It is remarkably cheeky to see the authors attempt to depict “flexible” labor markets, where workers can be tossed on the trash heap, as beneficial to laborers.
The recommendations are tepid, and the authors assert “A number of policies proposed by the Administration would help to boost prime-age male labor force participation.” In other words, we are to believe the problem is those Republican meanies in Congress, as opposed to Obama not pushing hard for these measures in his first term, when he had the opportunity to pass wide-ranging reforms.
One proposal is the new conventional wisdom of more infrastructure spending to create more jobs for unskilled workers directly, improving community colleges and other training so workers will have skills that line up with hot job markets. The problem with the latter idea is that demand can shift quickly (look at how the oil patch was robust a few years back and is now just starting to get back on its feet). Moreover, employers are extremely prejudiced against both older people and people who’ve been out of the workforce, and the age which is deemed to be “older” has collapsed. Per Wolf Richter (emphasis original):
Now I’ve come across a fascinating piece on MarketWatch, an article on what to do to get into the cross hairs of a recruiter whose algos are combing through millions of profiles on LinkedIn.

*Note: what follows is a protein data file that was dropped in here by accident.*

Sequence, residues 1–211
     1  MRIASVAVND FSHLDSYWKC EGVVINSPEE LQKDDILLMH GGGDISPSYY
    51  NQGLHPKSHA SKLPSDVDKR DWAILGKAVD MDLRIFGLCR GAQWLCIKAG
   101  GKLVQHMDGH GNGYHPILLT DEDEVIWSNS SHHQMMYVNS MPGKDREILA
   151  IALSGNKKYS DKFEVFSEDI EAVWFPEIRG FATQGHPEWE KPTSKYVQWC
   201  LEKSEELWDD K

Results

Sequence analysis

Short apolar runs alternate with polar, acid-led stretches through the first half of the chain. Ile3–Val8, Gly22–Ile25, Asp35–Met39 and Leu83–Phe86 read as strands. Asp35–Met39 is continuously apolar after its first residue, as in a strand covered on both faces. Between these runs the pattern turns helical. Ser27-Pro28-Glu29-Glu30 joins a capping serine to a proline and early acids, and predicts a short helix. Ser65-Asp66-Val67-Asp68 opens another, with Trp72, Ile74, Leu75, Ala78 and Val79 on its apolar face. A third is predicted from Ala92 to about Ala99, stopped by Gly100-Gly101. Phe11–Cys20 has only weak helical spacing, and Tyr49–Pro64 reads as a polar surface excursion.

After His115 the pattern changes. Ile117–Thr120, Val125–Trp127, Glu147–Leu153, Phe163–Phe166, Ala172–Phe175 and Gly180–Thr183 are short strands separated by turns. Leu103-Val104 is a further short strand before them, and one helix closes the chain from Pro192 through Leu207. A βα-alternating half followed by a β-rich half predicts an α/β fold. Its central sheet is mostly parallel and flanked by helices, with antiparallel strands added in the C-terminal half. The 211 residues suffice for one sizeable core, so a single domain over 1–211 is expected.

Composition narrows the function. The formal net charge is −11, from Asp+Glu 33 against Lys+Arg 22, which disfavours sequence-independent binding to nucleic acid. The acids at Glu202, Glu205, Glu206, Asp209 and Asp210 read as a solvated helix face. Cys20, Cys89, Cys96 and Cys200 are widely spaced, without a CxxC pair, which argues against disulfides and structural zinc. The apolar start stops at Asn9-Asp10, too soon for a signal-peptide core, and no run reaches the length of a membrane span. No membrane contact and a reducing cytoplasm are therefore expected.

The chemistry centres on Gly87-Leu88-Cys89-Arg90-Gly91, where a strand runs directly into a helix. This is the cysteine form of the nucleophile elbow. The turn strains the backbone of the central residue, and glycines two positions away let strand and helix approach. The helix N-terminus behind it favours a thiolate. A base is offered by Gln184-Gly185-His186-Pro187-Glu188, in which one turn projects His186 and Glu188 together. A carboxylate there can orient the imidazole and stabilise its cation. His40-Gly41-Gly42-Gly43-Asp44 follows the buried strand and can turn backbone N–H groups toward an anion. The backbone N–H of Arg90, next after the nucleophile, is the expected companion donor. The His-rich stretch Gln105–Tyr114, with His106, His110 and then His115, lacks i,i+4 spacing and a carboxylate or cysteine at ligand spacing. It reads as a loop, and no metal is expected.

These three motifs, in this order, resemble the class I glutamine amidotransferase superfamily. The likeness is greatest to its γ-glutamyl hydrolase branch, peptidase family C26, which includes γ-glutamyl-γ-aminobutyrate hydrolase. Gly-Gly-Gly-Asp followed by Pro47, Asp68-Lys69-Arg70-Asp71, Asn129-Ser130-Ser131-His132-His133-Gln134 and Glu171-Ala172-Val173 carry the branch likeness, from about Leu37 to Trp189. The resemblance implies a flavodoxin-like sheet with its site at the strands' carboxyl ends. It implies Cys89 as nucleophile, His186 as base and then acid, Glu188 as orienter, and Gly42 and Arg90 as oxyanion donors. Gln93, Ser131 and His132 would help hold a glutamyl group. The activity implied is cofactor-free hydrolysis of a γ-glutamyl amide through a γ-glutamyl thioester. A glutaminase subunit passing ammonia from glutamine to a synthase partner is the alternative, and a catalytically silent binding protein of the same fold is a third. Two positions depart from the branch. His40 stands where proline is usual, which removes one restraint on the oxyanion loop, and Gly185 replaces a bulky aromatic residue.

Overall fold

No recruiter in his right might is personally clicking through LinkedIn profiles. They’re all scanned by algos by the millions in nanoseconds. And so the trick is structuring your profile to get the algos to pay attention. This isn’t a human-to-human scenario, but a human-to-algo scenario. You’re trying to second-guess an algo that’s going to decide your future….
But apparently the lifespan of a degree has been shortened from 20 or 25 years to just 10 years! Then it rots, and it has to be swept under the rug. The article put it this way (emphasis added):
I mean, I’m already seething.
Older job-seekers need to walk a fine line. Unless you made the cover of “Time” or discovered a solar galaxy, experience has a shelf life on LinkedIn, says Scott Dobroski, career trends analyst at Glassdoor. There’s no need to wax lyrical about a job that’s more than 10 years old, he says. And those who graduated from college a decade ago may want to exclude the date they graduated. “Your college graduation date will age you,” he says, “and although ageism is illegal, it’s happening all the time.” On the other hand, if you’re applying for a job as CEO of a Fortune 500 company and you graduated in 1986, it’s okay to leave the date, Dobroski says.